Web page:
This snack pack contains two kiwifruit—the gold variety grown in New Zealand. Gold kiwifruit is sweeter than the green kind.
It comes with a combination spoon and knife—a spife—made of the bio-plastics of fruit waste (skin peels, fruit hair, flowers, and waste fruit).
Using the pointy, serrated end of the spife, cut the kiwifruit in half.
Using the spoon, scoop up the kiwifruit and eat.
Kiwifruit is loaded in vitamin C, folate, vitamin E, and fiber. It’s the new apple.
When you’re finished, wipe your hands with the moist towelette that comes with the pack. They thought of everything: you have to love this obsessive-compulsive packaging.
The kiwifruit crop is still being harvested; they will be available in the Philippines in May.
Kiwifruit is originally from China. It was called gooseberries, which reminds me of the Chekhov story, Gooseberries. “In the evening, while we were having tea, the cook served a full plate of gooseberries. They weren’t bought, they were his own gooseberries, the first picked since the bushes were planted. Nikolai Ivanych laughed and gazed silently at the gooseberries for a moment with tears in his eyes—he couldn’t speak for excitement; then he put one berry in his mouth, glanced at me with the triumph of a child who has finally gotten his favorite toy, and said:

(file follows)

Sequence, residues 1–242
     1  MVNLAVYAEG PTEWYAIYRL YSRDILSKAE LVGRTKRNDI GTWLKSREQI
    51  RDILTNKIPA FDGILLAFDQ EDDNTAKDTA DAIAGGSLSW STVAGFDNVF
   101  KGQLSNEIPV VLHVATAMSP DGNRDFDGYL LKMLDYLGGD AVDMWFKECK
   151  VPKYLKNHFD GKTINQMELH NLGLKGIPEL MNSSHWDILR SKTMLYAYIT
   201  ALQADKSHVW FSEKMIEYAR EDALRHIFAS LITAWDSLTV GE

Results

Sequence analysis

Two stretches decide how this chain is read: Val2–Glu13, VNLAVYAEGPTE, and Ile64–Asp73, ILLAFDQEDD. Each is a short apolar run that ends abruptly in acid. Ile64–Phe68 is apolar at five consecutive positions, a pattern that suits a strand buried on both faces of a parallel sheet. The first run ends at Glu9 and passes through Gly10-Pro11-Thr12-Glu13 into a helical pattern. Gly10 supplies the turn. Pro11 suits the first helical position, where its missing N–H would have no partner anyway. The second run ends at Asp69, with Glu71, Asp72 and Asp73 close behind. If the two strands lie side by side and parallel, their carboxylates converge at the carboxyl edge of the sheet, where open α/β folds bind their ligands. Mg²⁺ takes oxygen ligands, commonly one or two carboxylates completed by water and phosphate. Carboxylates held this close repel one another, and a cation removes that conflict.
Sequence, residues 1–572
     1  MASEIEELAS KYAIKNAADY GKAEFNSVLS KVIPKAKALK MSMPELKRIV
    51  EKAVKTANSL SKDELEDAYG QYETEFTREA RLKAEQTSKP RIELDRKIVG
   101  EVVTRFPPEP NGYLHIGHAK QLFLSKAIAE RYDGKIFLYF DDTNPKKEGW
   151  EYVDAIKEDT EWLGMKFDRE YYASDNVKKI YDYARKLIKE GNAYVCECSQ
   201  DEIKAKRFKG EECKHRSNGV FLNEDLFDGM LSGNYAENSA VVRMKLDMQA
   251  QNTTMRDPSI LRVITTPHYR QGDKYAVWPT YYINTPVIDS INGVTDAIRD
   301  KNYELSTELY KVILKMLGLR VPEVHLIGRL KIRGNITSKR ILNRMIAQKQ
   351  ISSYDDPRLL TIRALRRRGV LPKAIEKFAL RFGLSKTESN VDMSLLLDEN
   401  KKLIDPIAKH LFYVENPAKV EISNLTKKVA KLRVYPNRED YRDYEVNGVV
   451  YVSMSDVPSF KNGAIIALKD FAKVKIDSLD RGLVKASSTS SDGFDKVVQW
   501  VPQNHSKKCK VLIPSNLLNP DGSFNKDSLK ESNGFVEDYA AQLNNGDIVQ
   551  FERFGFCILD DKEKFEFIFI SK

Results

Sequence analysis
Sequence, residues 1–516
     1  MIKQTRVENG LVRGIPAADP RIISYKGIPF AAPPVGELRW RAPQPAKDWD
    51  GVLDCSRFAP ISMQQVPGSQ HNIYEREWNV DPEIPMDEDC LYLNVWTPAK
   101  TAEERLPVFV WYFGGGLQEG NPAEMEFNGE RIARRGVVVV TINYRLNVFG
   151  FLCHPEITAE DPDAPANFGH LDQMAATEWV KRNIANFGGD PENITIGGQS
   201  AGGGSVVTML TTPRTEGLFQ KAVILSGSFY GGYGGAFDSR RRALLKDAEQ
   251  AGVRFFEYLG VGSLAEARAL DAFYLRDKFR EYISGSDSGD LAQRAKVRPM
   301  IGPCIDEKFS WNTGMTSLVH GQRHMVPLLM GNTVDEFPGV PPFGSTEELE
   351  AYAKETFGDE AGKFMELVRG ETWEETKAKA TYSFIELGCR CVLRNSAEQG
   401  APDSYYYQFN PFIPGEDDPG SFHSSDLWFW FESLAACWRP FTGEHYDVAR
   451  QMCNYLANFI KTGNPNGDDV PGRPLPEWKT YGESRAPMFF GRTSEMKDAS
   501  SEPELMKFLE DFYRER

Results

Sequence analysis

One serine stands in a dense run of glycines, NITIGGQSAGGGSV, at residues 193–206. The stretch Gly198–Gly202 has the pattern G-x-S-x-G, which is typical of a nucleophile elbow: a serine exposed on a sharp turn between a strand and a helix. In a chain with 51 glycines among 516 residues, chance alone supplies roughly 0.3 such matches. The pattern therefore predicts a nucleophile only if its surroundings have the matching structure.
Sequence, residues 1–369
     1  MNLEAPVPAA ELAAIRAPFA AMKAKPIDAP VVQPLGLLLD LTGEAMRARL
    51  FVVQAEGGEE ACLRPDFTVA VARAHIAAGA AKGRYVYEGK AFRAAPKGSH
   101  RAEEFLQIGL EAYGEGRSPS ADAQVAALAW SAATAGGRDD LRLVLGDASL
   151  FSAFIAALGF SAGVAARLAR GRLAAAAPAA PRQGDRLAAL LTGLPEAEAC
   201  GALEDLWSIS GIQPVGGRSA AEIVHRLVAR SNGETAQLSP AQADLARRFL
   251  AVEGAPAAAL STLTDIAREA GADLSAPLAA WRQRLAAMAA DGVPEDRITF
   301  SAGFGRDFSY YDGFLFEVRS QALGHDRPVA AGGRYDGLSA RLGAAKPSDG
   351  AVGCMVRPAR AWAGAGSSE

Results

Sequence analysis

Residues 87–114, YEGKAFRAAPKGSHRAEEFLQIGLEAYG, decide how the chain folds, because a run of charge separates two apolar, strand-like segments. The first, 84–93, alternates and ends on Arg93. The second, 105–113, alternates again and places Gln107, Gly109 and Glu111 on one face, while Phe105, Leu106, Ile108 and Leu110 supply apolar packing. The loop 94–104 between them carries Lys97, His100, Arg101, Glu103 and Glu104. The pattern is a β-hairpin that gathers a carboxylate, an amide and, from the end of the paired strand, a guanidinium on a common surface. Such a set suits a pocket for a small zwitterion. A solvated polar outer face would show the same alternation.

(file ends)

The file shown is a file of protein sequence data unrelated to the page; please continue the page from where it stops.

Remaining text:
” ‘How delicious!’ ”
Thank you, Mr. Chekhov, there’s my segue to our Russian Lit Project. How’s your reading of The Brothers Karamazov coming along? I read the first 60 pages on the Manila-HK flight at a fast clip—certainly faster than Demons—but ran into a problem on the HK-Auckland flight.
My hardcover Everyman’s Library edition would not fit in the seat pocket.
It would have to stay under the seat, which was taken up by my tote bag, or share the chair, which was uncomfortable. So it went into my suitcase in the overhead bin. And then during the tour I put the book in my bag but with all the moving around it was just too heavy. In short, I didn’t read the Dostoevsky in NZ, but now that I’m home I will catch up.